CRITIQUE/ROGUE STATE TALK
USE OF TERM "ROGUE" CREATES COUNTERPRODUCTIVE POLICIES
USE OF TERM "ROGUE STATES" LEADS TO COUNTERPRODUCTIVE POLICIES
ROBERT S. LITWAK, is director of international studies at the Woodrow, Wilson Center, May 1, 2001 Los Angeles Times SECTION: Metro; Part 2; Page 9; Op Ed Desk HEADLINE: Commentary;'Rogue' Labels Put U.S. in Straightjacket //VT2002acsln
Until last summer, the Clinton administration had asserted that "rogue states" constituted a distinct category of nations in the post-Cold War world. Iran, Iraq, North Korea and Libya were the core members of this rogues' gallery.
Yet, because this label had no standing in international law and was quintessentially political, its usage was selective and contradictory. Syria, a state that possesses weapons of mass destruction and has sponsored terrorism, was omitted from the rogue list because of its importance to the Middle East peace process. Cuba, on the other hand, which no longer poses a real security threat, was occasionally included because that played well to the Cuban emigre community.
In addition, the Clinton administration discovered that the term used to mobilize political support for one policy could be turned against it on another, as when a Republican critic called for the cancellation of a presidential visit to China in 1998 because it was a "rogue state."
By lumping and demonizing a disparate group of countries, the Clinton administration was pushed toward a generic strategy of containment and isolation. And why not, when they were all "rogue states"?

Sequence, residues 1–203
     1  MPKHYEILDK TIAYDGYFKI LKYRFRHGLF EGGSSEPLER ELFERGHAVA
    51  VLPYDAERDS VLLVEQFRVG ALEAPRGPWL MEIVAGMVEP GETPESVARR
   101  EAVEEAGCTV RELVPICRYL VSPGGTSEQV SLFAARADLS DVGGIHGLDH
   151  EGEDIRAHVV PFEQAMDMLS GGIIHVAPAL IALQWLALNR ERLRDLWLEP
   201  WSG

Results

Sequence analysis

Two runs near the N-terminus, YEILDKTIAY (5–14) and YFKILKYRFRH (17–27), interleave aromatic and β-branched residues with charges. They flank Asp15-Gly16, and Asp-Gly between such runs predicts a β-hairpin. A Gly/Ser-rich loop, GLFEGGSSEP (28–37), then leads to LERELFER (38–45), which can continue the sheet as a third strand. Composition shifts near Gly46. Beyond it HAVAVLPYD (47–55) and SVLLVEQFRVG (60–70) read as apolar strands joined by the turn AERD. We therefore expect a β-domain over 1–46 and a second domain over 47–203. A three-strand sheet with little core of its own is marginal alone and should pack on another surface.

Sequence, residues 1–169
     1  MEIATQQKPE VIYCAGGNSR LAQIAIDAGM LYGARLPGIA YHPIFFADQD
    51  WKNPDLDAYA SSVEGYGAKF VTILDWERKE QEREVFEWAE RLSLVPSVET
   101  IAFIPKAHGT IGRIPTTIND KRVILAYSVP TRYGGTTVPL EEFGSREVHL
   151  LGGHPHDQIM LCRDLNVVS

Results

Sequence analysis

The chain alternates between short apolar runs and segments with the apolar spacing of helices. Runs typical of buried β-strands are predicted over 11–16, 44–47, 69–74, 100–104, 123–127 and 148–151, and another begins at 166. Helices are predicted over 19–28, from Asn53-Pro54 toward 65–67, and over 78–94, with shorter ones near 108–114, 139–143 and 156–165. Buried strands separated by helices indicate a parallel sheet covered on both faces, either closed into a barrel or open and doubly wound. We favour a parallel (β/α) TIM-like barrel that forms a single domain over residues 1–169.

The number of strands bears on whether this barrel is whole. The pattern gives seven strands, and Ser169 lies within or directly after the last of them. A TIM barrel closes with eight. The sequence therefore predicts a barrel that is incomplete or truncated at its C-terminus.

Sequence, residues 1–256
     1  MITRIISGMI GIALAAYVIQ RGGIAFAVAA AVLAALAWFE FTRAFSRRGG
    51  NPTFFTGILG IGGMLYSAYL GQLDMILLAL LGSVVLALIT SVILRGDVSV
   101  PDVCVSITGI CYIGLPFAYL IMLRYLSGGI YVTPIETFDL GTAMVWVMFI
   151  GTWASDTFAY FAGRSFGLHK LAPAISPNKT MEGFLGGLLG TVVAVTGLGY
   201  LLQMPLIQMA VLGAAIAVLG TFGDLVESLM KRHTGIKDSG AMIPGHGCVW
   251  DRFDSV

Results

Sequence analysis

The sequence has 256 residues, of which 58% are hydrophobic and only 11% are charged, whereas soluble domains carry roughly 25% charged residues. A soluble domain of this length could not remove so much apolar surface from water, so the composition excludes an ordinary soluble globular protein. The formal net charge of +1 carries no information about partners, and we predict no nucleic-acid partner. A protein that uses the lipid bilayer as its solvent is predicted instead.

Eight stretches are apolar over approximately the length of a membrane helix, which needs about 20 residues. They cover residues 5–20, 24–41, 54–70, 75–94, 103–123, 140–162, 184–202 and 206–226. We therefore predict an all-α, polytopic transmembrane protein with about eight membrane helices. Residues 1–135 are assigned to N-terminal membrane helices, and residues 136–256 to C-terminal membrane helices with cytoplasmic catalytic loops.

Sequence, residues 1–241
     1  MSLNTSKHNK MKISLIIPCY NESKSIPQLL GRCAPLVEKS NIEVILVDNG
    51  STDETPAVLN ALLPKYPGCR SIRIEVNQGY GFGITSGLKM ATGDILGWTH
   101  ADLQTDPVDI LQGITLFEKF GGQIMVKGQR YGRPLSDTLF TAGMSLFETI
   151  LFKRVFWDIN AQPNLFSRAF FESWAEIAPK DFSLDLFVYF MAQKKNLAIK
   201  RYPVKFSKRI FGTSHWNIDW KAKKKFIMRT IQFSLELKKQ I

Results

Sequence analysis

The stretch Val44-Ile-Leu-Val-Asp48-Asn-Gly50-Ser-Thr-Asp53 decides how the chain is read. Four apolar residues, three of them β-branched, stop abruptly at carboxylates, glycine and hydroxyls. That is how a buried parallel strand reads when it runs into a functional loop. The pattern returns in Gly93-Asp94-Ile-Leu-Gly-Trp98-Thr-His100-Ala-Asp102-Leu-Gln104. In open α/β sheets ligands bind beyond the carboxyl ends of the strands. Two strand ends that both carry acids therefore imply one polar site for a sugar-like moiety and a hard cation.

WE MUST REJECT THE LABEL OF "ROGUE STATES" BECAUSE IT POISONS POLICY MAKING
Meghan L. O'Sullivan, Brookings Institution, 2001 Winter The Washington Quarterly SECTION: CONTAINMENT'S LAST STAND; Vol. 24, No. 1; Pg. 67 HEADLINE: The Politics of Dismantling Containment //VT2002acsln
One notable move, taken in June 2000, was jettisoning the policy of labeling these countries "rogues." Although the rogue-state concept helped justify punitive U.S. policies and made such strategies easy to sell at home, it impeded an effective policy toward this category of country in a number of ways. By lumping these countries together, the rogue classification encouraged a one-size-fits-all policy, when in fact the very different domestic politics, capabilities, and ambitions of each country demanded differentiated approaches. At the same time, labeling countries -- rather than their behaviors -- as roguish suggested that certain countries were beyond rehabilitation, thereby removing any incentive that a regime might have to improve its conduct in the hope of moving out of the rogue category. In addition, the rogue rhetoric irked European and Asian countries that saw it as a product of U.S. hubris and as indicative of a preference for punitive approaches. Finally, the rogue concept mandated policies of punishment; any approach that sought to incorporate incentives or limited engagement was incompatible with the rogue paradigm.
Given these multiple flaws in the rogue concept, its retirement is welcome. The adoption of the far less caustic "states of concern" terminology -- although still subject to the criticism of classifying countries, not conduct -- opens the door for a more effective policies toward countries such as North Korea, Cuba, Iran, and Iraq. The change in rhetoric makes it possible for new strategies not only to be better formulated to the circumstances of the country in question, but also to incorporate elements of engagement where appropriate.